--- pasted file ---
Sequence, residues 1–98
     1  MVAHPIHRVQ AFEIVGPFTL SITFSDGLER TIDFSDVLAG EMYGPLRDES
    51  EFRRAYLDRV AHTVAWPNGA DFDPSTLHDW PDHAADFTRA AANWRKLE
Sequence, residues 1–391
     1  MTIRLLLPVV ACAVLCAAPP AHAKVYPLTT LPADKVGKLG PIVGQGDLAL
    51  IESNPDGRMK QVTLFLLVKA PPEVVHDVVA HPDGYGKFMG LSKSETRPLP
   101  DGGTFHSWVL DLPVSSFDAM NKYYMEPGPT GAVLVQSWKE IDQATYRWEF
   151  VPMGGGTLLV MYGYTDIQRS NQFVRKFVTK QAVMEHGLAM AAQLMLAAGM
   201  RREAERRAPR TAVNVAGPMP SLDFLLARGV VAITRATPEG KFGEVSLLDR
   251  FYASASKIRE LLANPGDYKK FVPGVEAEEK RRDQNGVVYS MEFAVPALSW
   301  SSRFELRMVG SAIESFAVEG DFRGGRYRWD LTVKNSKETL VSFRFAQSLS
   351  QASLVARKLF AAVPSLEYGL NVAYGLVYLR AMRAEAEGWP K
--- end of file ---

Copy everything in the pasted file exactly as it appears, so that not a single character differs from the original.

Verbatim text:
Sequence, residues 1–98
     1  MVAHPIHRVQ AFEIVGPFTL SITFSDGLER TIDFSDVLAG EMYGPLRDES
    51  EFRRAYLDRV AHTVAWPNGA DFDPSTLHDW PDHAADFTRA AANWRKLE
Sequence, residues 1–391
     1  MTIRLLLPVV ACAVLCAAPP AHAKVYPLTT LPADKVGKLG PIVGQGDLAL
    51  IESNPDGRMK QVTLFLLVKA PPEVVHDVVA HPDGYGKFMG LSKSETRPLP
   101  DGGTFHSWVL DLPVSSFDAM NKYYMEPGPT GAVLVQSWKE IDQATYRWEF
   151  VPMGGGTLLV MYGYTDIQRS NQFVRKFVTK QAVMEHGLAM AAQLMLAAGM
   201  RREAERRAPR TAVNVAGPMP SLDFLLARGV VAITRATPEG KFGEVSLLDR
   251  FYASASKIRE LLANPGDYKK FVPGVEAEEK RRDQNGVVYS MEFAVPALSW
   301  SSRFELRMVG SAIESFAVEG DFRGGRYRWD LTVKNSKETL VSFRFAQSLS
   351  QASLVARKLF AAVPSLEYGL NVAYGLVYLR AMRAEAEGWP K